Following introduction of the Greek HNWI tax regime, the Greek Parliament ratified last night, a bill introducing a family office regime in Greece. This is another initiative aiming to incentivise HNWI economic activity in Greece. However, several elements of the new provisions might potentially be shooting the effort in the making. The new regime, as currently proposed, appears to be inflexible, narrow in scope and expensive.
Greece may indeed work as an attractive destination for offices managing the wealth of HNWIs, be it with or without Greek ties. And it is indeed true that introducing a family office activity in Greece may contribute to boosting investment activity, attracting sophisticated human resources and effectively developing a new sector of professional services. However, none of these goals shall be accomplished, without a few revisions to the new regime.
Greek family office regime in a nutshell
The key elements of the new bill are the following:
- The new provision refers to single family offices providing services to a Greek tax resident individual and his/her family. The scope of family is restricted to two straight line generations i.e. grandparents, parents and their unmarried children.
- Qualifying services refer to the management and administration of the family’s wealth and assets. The scope of services shall be defined in more detail at a later stage, through ministerial guidance.
- Qualifying family offices should incur annual expenditure of at least Euro 1,000,000 and should employ at least 5 employees.
- Taxable revenues of qualifying offices shall be defined at a cost plus 7% basis. Application of the 7% mark up on all costs incurred by the family office shall ensure full tax deductibility of such costs.
- Services provided between the family office and its members shall fall outside the scope of VAT.
Is this good enough?
In our view, the following revisions are necessary:
Attracting international families
The tax residence of family members should be disassociated with the set up of a family office in Greece. Otherwise, the scope of the regime shall be restricted exclusively to domestic families, thus significantly narrowing down the number of potential family offices to be set up in Greece.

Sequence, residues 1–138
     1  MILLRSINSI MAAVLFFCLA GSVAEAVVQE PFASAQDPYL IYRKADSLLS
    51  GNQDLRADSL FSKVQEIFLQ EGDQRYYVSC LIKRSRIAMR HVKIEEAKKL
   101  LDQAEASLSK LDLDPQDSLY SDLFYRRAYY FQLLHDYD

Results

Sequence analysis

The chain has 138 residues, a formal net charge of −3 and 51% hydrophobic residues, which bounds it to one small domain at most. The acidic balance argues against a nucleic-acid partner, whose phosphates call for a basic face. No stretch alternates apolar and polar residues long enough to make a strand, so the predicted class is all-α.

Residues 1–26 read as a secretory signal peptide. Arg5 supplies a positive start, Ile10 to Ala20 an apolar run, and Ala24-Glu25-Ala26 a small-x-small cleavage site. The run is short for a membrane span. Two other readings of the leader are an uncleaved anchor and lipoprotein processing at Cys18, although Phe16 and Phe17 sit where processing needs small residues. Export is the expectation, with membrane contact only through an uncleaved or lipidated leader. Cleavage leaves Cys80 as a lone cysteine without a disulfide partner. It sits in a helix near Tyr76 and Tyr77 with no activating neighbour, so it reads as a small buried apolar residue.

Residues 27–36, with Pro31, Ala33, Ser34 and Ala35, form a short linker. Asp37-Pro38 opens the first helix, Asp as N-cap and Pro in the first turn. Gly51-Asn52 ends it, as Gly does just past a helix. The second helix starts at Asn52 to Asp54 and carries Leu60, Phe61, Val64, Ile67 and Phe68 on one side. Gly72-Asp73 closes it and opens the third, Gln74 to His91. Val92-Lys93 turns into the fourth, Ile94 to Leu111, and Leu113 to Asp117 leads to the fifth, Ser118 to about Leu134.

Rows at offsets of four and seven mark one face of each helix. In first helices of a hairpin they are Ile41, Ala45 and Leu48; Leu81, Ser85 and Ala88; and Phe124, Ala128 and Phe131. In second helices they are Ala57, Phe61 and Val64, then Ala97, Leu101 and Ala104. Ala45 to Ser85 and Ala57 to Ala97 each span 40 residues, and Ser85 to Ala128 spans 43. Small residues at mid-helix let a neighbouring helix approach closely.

Ensuring a long economic life for the office
Family offices are set up to manage family wealth from generation to generation.
The number of generations to be serviced by the office should be unlimited, thus ensuring a long economic life for the office. The current regime is limited to the servicing of two generations.
Extending the life of a family office also requires extending the number of families being served by the office. Multi-family offices are trending at an international level, as they facilitate serving families of the third or further generations, while achieving synergies and economies of scale.
Extending the scope of service recipients
The family office should be allowed to provide services to any legal entity holding family assets. Limiting the scope of service recipients exclusively to the founding members of the office shall also limit the scope of services to be provided, thus making the office inflexible.
Rationalising the minimum expenditure
An annual minimum expenditure of Euro 1M makes the regime extremely expensive. We suggest reducing it to Euro 300K, which is already triple the minimum expenditure of Law 89 offices operating in Greece, and still higher than the amounts required by other jurisdictions offering attractive family office regimes (e.g. Singapore).
Shielding from place of effective management rules
Activities of family offices should be expressly shielded from place of effective management rules. Otherwise, the regime would trigger significant tax uncertainty in relation to the place of effective management of legal entities holding family assets across the globe.